Dear Leonard -- I am so sorry for your loss. She sounds like she was quite a gal all through her life, with so many who loved and appreciated her. Maintaining a career in show business while raising a family is not an easy thing -- shows how much that part of her was dedicated to her talent -- and her success must have been such a gratifying thing for you all. I wish I could have met her ! And she hasn't really left, you know -- one's parents are never far away, especially to the children who love and were loved. I hope you and your family find some comfort in that thought.

  • Tony Caruana | November 14, 2012 4:14 PMReply

    Dear Leonard, that is a beautiful tribute to your mother. Deepest condolences.

  • Gary Stark | November 14, 2012 4:03 PMReply

    Leonard,

    Sincerest sympathy from my entire family on your loss. What a beautifully written story.

    Gary

  • Tom Meyers | November 14, 2012 4:01 PMReply

    Dear Leonard,

    Your story about your mom was a true testament to her life and not only was she a beautiful woman but she raised a wonderful son. My condolences to you and your family.

  • Claude Wolf | November 14, 2012 3:43 PMReply

    Leonard, I'm really sorry to hear about your mother and wish you and your loved ones many years of good health and joy. You write so beautifully about her, I feel that I knew her. May you only remember the good times. I can only imagine how proud she must be of your success. With deepest condolences.

  • Marge | November 14, 2012 2:11 PMReply

    Your mother sounds like she was a lovely person and a great mom. I lost my mother 20 years ago and I STILL miss her. I hope that the Lord will bring you and your family comfort and peace in the coming years.

  • Theresa Kaualoku | November 14, 2012 1:36 PMReply

    I am sorry about your mom - it is good you have happy memories of her and that she was able to stay mobile. My mother died a few years ago.. young (64) of brain cancer. She lost all her short term memory.. so she couldn't tell you what she had for breakfast but we could talk about and watch movies because she remembered those. I was like you and got the movie bug early. she would ask me why i would WANT to spend my whole sunday watching a triple feature by myself - who would go? and even when i majored in film history in college.. she didn't really understand it but never told me no.

  • Jeff Heise | November 14, 2012 12:22 PMReply

    Leonard-I am so sorry for your loss. My own mother passed away three years ago at 86 and although her health was faltering for her last months, she was still vibrant enough to make jokes and continue to be interested in everything around her almost to the very end, as well. My mother also tolerated my love of movies (along with the screening room in the basement) and often shared her memories of going to the movies in Cleveland with her sister and how her first date with my father was going to the movie shows at lunchtime in high school-it was the only time they could spend time together at first and it was only a nickel a day/one reel per day (the movie was MUTINY ON THE BOUNTY). A close friend also lost her mother this past summer and it is still reverberating around the household, but her friends and family are supporting her and she is getting through it as well as can be expected. Having met your parents years ago at Cinevent I remember how warm and friendly they both were, and I know you will miss them both now very deeply, but remember this-you now have two souls watching over you and your family and waiting very patiently for you to join them when the time comes. That thought always gives me comfort and I hope it does the same for you and your family.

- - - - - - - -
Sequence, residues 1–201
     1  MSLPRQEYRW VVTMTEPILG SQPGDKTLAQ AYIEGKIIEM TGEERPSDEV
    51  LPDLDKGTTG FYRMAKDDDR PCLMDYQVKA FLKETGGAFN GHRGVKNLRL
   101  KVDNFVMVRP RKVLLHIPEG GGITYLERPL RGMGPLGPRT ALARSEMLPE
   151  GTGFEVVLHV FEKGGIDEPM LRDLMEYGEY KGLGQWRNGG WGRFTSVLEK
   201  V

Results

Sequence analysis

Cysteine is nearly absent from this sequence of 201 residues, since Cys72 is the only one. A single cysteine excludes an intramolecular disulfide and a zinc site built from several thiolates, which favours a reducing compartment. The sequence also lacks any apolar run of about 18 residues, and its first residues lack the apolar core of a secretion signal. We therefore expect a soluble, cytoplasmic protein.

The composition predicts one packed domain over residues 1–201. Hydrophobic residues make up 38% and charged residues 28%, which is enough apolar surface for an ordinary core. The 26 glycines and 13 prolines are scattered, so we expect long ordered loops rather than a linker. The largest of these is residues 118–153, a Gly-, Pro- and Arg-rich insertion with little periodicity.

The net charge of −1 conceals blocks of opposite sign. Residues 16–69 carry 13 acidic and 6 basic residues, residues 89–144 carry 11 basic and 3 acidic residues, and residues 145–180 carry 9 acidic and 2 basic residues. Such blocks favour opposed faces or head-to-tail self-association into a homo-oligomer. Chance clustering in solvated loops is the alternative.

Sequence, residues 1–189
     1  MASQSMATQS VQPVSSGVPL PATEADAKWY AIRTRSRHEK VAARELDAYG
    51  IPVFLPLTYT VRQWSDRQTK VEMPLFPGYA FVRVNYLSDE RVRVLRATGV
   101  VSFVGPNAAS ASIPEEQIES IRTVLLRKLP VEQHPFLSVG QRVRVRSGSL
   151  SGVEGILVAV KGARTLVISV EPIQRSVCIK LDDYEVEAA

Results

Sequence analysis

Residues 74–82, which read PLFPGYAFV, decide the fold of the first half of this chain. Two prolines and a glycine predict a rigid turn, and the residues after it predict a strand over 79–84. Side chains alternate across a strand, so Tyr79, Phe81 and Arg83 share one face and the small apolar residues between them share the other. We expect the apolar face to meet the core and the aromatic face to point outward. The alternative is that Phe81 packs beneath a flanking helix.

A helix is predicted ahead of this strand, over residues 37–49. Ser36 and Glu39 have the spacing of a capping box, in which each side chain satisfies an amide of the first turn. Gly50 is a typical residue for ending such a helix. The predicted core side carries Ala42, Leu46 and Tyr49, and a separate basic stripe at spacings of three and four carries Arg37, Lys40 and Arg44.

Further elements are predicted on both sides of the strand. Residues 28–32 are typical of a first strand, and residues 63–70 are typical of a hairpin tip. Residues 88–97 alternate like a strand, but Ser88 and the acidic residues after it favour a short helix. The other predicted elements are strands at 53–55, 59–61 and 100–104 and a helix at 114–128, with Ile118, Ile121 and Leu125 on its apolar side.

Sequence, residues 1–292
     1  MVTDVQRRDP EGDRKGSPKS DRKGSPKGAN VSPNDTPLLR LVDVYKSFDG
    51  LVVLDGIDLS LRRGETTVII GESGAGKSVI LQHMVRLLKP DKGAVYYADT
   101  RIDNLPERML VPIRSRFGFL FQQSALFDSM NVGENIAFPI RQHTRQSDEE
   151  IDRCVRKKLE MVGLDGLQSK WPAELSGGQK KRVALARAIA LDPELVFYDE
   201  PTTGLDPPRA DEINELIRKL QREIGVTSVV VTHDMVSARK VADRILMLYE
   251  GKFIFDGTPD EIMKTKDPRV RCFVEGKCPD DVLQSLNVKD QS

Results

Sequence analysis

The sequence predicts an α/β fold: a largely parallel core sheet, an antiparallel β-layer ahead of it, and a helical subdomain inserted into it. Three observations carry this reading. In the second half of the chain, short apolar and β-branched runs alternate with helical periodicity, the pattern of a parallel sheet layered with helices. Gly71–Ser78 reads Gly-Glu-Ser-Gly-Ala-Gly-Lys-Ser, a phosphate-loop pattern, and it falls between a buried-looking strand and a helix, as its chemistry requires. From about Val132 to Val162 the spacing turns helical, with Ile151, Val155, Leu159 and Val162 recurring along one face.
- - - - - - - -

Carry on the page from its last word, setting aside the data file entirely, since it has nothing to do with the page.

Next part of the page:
• Jim Reinecke | November 14, 2012 12:07 PMReply

    Deepest condolences, Leonard. I lost my mother (who also tolerated my love of movies at an early age---even allowing me to stay up until midnight on school nights catching vintage films on the tube!) 21 years ago and I still find myself seeing a new movie that I enjoyed and wishing that she were here to see if she would feel the same after viewing it. I'm sure that both of your folks were very proud of the accomplishments of their son. You were blessed to have such loving parents and I know that you have a wife and daughter whom you love very much for sustenance in a difficult time. Please also remember that you have a large following of fans who wish you the best during this period.

  • Karen Colizzi Noonan | November 14, 2012 12:00 PMReply

    Such a beautiful tribute for a truly beautiful woman. Our thoughts and prayers go out to you and Alice.

  • Nick Santa Maria | November 14, 2012 11:44 AMReply

    Dear Leonard,

    So sorry about your loss. Remember that nobody really leaves you as long as you keep her alive in your heart and mind. During times like these I always think of Thomas Edison's last words. He was in a coma, with his wife holding his at his bedside. She was crying, and when he suddenly opened his eyes...he looked at her and said, "Don't be sad...it's beautiful over there." Then he passed on.

    All the best to you,
    Nick Santa Maria

  • Tim Lones | November 14, 2012 11:39 AMReply

    Leonard:
    Your Mother was certainly a Beautiful Woman, and I am sorry for your loss..This may not be the time to say it, but I've always appreciated your writing and reviews over the years and never thought I would be able to contact you to let you know..Again, I am sorry for your loss..God Bless You in this time..

    Tim Lones

  • Kevin Coffey | November 14, 2012 11:23 AMReply

    A beautiful woman, Leonard- sorry for your loss-